On July 9, 2013, Governor Janice K. Brewer requested that FEMA declare the fire a major disaster, which would provide a wide range of federal assistance programs for individuals and households affected by the fire.[41] On August 9, 2013, FEMA denied Governor Brewer's request. After Governor Brewer appealed FEMA's denial, FEMA issued a final denial of appeal on September 13, 2013. In their denial of appeal, FEMA said that the Governor's appeal was denied "based on the determination that the damage was not of such severity and magnitude as to be beyond the combined capabilities of the state, affected local governments, and voluntary agencies."[42]

On July 7, 2013, joint federal, state, and local government damage assessments were conducted in the areas affected by the Yarnell Hill Fire. FEMA reported that 116 residences were impacted by the fire, including the destruction of 93 residences. Of the impacted residences, 38.3% were insured, and half were low income households.[43]

Following a three-month investigation, the state's Forestry Division released a report[5] and briefing video[44] on September 28, 2013, which found no evidence of negligence nor recklessness in the deaths of the 19 firefighters and revealed that an airtanker carrying flame retardant was directly overhead as the firefighters died. The investigation did find some problems with radio communications due to heavy radio traffic and the fact that some radios were not programmed with appropriate tone guards.[45][46]

On December 4, 2013, the Industrial Commission of Arizona, which oversees workplace safety, blamed the state's Forestry Division for the deaths of the 19 firefighters, based on an investigation by the state's Division of Occupational Safety and Health. The Commission said that state fire officials knowingly put protection of property ahead of safety and should have pulled crews out earlier. The commission levied a $559,000 fine.[47][48]

Richard Brody, in The New Yorker: "The Story That 'Only the Brave' Leaves Out" (October 23, 2017),[49] and Fernanda Santos, in The New York Times: "Money Splits a City Still Mourning Its Firefighters" (June 26, 2014)[50] point out numerous cases of firefighters' and their survivors' benefits having been withheld, lawsuits, and acrimony among the local politicians, some citizens, and the survivors of the firefighters who died in the Yarnell Hill Fire that became so extreme that,[49] as Santos observes: "Juliann Ashcraft (wife of Granite Mountain Hotshot, Andrew Ashcraft) decided to leave Prescott altogether to spare her four children the discomfort of whispers and glares."[50] Brody further highlights "battles that the Hotshots' widows have faced over health insurance, taxes, labor law, and budgets, involving the online harassment of women".[49]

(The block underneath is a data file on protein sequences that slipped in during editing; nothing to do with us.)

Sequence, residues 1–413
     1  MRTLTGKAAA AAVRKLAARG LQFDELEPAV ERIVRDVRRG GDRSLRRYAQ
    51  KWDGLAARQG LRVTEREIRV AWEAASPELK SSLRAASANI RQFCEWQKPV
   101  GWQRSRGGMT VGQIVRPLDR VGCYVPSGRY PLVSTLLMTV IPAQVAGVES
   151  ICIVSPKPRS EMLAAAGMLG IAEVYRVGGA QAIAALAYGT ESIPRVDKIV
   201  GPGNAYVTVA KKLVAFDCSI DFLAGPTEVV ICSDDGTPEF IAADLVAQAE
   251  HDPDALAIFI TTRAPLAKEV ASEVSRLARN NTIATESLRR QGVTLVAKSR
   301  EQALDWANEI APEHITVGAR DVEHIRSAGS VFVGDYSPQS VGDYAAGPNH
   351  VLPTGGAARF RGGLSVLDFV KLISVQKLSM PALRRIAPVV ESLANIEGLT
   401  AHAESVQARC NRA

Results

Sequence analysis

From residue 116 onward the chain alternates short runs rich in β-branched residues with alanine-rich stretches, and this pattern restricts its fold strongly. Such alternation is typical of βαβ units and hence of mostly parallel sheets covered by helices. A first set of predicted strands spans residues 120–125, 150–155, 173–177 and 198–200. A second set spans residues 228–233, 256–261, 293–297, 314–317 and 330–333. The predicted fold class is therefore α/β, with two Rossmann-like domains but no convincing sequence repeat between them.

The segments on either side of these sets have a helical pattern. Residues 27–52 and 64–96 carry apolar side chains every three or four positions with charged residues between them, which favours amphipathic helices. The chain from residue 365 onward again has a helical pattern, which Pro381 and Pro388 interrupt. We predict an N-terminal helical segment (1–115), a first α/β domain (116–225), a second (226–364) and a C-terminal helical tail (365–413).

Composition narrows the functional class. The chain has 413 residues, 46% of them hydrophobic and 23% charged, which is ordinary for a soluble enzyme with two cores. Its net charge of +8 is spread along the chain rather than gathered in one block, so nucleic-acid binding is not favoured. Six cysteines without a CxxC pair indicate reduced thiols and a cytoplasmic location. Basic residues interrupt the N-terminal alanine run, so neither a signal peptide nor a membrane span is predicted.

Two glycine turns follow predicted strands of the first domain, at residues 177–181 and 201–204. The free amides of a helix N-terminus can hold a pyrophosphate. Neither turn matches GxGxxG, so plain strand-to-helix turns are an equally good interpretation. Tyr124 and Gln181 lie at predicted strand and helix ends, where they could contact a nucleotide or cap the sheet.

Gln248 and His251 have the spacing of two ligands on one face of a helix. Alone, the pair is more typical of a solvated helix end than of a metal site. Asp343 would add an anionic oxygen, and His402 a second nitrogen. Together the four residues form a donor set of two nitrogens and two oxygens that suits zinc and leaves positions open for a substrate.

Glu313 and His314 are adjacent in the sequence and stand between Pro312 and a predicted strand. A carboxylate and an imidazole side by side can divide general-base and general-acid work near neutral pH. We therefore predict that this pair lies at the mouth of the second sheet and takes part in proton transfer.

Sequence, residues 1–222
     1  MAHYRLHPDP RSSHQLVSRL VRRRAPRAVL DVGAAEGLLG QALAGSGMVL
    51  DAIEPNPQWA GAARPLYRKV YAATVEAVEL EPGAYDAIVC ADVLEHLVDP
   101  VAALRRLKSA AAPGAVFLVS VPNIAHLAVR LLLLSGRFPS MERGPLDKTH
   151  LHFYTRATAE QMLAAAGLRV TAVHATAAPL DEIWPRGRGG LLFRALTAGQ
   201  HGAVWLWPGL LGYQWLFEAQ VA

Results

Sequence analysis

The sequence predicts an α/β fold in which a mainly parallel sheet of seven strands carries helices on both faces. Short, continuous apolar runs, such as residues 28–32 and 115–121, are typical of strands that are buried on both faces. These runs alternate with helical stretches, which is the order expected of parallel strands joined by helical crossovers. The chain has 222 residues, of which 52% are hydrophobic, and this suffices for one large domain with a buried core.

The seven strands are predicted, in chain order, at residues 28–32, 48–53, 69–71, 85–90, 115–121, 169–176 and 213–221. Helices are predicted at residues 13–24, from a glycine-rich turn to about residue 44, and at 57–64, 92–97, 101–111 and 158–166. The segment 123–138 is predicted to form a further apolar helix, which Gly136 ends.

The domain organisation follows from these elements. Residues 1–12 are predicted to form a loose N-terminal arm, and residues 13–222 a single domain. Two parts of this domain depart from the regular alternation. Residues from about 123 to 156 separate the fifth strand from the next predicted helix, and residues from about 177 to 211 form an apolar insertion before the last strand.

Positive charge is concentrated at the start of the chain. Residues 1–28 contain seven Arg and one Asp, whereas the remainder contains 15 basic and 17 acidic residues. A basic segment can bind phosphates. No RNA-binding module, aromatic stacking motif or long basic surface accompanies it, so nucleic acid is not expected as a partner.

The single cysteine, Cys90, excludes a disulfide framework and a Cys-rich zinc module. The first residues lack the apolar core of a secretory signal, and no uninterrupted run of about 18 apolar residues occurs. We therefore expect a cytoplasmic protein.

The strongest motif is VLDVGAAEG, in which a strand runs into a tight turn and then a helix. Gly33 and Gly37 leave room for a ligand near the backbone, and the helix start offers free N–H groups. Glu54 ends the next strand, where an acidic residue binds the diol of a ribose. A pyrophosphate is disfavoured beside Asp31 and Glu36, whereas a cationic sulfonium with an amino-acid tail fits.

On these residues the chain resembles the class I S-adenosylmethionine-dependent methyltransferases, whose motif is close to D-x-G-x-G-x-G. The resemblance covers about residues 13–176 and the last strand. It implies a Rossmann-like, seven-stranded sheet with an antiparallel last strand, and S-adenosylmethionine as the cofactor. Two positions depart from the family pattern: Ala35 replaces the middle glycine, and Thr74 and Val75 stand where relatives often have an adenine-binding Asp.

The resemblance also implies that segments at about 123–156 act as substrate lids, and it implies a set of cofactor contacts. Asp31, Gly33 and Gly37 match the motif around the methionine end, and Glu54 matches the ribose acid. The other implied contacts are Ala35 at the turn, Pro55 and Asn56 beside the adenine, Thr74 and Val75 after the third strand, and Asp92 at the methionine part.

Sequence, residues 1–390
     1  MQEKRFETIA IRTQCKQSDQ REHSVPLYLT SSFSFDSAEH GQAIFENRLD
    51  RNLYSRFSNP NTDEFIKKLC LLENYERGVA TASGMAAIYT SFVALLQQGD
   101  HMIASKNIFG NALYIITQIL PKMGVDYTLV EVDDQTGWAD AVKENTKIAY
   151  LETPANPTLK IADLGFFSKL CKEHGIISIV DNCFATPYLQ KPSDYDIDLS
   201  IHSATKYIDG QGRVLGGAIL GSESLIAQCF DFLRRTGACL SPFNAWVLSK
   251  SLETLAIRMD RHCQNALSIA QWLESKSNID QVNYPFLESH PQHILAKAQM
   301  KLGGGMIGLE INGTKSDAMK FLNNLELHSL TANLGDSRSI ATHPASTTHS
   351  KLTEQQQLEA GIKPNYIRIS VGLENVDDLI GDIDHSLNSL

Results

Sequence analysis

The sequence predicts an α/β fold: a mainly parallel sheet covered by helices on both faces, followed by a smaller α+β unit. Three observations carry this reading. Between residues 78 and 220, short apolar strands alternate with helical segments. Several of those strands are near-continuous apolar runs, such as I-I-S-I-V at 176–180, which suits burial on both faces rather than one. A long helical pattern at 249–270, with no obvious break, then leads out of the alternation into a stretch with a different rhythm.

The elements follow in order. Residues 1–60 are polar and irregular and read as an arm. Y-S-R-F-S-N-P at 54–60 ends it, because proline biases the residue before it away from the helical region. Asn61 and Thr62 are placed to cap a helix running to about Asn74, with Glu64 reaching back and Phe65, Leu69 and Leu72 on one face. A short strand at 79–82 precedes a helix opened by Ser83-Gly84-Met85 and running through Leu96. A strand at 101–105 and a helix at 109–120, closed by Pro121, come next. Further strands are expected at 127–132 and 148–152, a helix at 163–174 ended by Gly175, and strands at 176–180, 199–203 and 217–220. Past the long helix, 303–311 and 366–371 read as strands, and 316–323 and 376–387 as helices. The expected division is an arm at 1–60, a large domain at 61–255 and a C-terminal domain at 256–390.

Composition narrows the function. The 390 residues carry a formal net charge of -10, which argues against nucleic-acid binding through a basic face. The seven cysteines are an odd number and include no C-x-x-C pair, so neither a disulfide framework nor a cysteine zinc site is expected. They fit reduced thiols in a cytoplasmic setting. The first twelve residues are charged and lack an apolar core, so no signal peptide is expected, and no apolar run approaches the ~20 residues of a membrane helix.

In 2015, the autopsy and toxicology reports of all 19 fallen Granite Mountain Hotshots were publicly released. The reports found 13 of 19 hotshots had the presence of drugs or alcohol in their system at their time of death. [51]

In media[edit]

Outside magazine released the documentary film, The Granite Mountain Hotshots and the Yarnell Hill Fire (August 12, 2013), in which friends, relatives, and colleagues (including Brendan McDonough, the lone survivor of the Granite Mountain Hotshots) speak out.[52]

The U.S. Forest Service released a series of videos on November 10, 2014, that were shot by wildland firefighters on the day of the Yarnell Hill tragedy. The Forest Service website notes: "To be transparent with the public, the videos are presented exactly as they have been received. The redactions were done before these videos came into the possession of Arizona State Forestry."[53] In its coverage of these videos, Outside magazine posted an article and video excerpts.[54]

The Weather Channel released a documentary, America Burning: The Yarnell Hill Fire Tragedy and the Nation's Wildfire Crisis (2014).[55][56] Kyle Dickman, a former firefighter and former editor of Outside magazine, published the nonfiction book, On the Burning Edge: A Fateful Fire and the Men Who Fought It (2015).[57] Brendan McDonough published his first-hand account, My Lost Brothers: The Untold Story by the Yarnell Hill Fire's Lone Survivor (May 3, 2016).[58]

On October 20, 2017, Columbia Pictures released a biographical drama film based on the events of this disaster, titled Only the Brave. The film was praised for its acting and emotional portrayal of its subject matter.


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  2. ^ "Yarnell Hill Fire damage claims total $662 million". Arizona Capitol Times.